The leader of Virginia Tech’s library is at the forefront of national conversations to make research funded by the federal government freely accessible to all.

Tyler Walters, dean of Virginia Tech Libraries, shared his perspective and experiences with open access scientific research last month at an Open Science Symposium, held by the National Academies of Sciences, Engineering, and Medicine.

The Board on Research Data and Innovation, part of the National Academies, led the Washington, D.C., event to gather input for a study that it is conducting about broadening public access to the results of scientific research.

The board hopes to give specific policy and practice options to federal science agencies as they move toward open science as a default for releasing research. It expects to issue a final report next year, said George Strawn, who directs the board.

The National Academies provide objective reports and advice on science, health, and engineering topics, and its members include physicians, researchers, engineers, and scientists.

“For centuries, the printing press has been the technological enabler of open science articles, communicating science results,” Strawn said. “Now networked computers can become the technological enabler of an expanded suite of communicated science outputs, such as articles, data, software, work flow, etc. There are many dimensions to this transition requiring careful study.”

Walters was one of two academic library professionals invited to share at the Sept. 18 symposium, alongside publishers, journal editors, private foundations, federal agencies, and others.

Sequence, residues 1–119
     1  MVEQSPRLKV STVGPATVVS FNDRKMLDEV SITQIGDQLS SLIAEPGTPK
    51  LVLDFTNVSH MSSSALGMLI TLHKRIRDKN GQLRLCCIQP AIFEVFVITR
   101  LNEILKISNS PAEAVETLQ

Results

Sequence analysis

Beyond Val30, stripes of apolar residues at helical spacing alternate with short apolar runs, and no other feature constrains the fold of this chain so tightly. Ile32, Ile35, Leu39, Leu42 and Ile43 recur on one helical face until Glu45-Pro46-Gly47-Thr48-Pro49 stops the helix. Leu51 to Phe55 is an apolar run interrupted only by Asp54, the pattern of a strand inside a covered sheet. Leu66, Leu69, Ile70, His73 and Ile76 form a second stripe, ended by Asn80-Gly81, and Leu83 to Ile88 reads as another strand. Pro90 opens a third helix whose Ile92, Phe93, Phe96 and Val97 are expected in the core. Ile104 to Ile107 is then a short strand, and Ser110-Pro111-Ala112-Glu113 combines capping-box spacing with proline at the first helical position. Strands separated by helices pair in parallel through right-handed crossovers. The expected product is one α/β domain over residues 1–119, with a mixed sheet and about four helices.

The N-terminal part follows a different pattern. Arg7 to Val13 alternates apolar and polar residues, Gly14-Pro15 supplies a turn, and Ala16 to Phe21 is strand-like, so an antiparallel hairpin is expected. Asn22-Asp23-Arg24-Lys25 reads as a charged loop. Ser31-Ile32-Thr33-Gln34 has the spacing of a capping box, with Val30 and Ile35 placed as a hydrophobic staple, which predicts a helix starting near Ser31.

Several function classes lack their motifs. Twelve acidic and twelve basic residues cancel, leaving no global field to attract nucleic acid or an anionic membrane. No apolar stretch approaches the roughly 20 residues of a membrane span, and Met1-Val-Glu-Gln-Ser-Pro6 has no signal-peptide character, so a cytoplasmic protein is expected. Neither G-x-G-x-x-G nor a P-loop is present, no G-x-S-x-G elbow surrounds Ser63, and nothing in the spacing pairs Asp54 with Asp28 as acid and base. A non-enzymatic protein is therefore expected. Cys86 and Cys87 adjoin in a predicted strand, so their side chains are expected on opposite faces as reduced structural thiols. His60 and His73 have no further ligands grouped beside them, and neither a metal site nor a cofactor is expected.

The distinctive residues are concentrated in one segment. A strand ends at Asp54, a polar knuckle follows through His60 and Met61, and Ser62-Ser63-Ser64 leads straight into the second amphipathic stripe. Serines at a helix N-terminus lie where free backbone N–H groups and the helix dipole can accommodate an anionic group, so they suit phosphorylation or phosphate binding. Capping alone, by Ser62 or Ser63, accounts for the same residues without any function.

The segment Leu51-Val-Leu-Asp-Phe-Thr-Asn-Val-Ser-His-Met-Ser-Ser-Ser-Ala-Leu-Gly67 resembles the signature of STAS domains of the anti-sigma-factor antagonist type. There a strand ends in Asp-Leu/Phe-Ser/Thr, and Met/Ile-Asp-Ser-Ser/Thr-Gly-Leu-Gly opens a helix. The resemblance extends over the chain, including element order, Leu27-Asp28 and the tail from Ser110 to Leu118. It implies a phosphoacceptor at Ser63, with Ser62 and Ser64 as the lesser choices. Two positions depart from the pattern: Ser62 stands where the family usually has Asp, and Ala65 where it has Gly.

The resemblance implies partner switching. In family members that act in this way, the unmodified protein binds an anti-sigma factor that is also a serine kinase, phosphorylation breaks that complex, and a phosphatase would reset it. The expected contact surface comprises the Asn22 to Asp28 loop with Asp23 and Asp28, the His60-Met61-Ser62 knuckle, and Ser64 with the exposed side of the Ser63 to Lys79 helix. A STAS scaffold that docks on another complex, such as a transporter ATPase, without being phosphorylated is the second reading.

Walters is a known library leader, said Strawn.

“The academic library community has always played a major role in science communication and can be expected to continue to play a major role as this technological transition occurs,” he said.

Walters’ appearance comes at the same time that University Libraries is beginning work with Ubiquity Press, a publishing services company and advocate of open access research. With Ubiquity, University Libraries will have a new web platform for publishing Virginia Tech research.

It also will have the capacity to publish scholarly research in a variety of formats, alongside VTechWorks and VTechData, which hold university researchers’ scholarship and research data.

During his presentation, Walters discussed the kinds of investments needed to make open research happen. They include cyber infrastructure, digital research consulting, and targeted education for university faculty and others. He also said that researchers and their institutions need to meet federal policies that require that results and certain materials, such as data sets, software tools, and reports, are available with the respective research.

“You truly need access to the data behind the research,” Walters said.

Virginia Tech is proud to have respected experts like Walters represent the university and help to expand opportunities and resources for the entire campus community, said Virginia Tech Executive Vice President and Provost Thanassis Rikakis.

“Under Tyler’s leadership, we are working to provide more open access to scholarly publications and resources which will help us to better prepare and position our students and faculty to become global leaders in their respective fields of study,” Rikakis said.

Walters, who has a doctorate in managerial leadership in information professions from Simmons College, previously directed SHARE, a higher education initiative that is developing services to gather and freely share research and scholarly activities across their life cycles.

Walters also serves on the steering committee for the International Conference on Open Repositories and on the editorial board of the International Journal of Digital Curation. He has published more than 25 articles in academic journals.

He has a bachelor’s degree in history from Northern Illinois University, a master’s degree in history and archives from North Carolina State University, and a master’s degree in library and information science from the University of Arizona.

Ultimately, Walters said, making research open to the public benefits everyone.

“It’s about greater impact,” he said.

Written by Jenny Kincaid Boone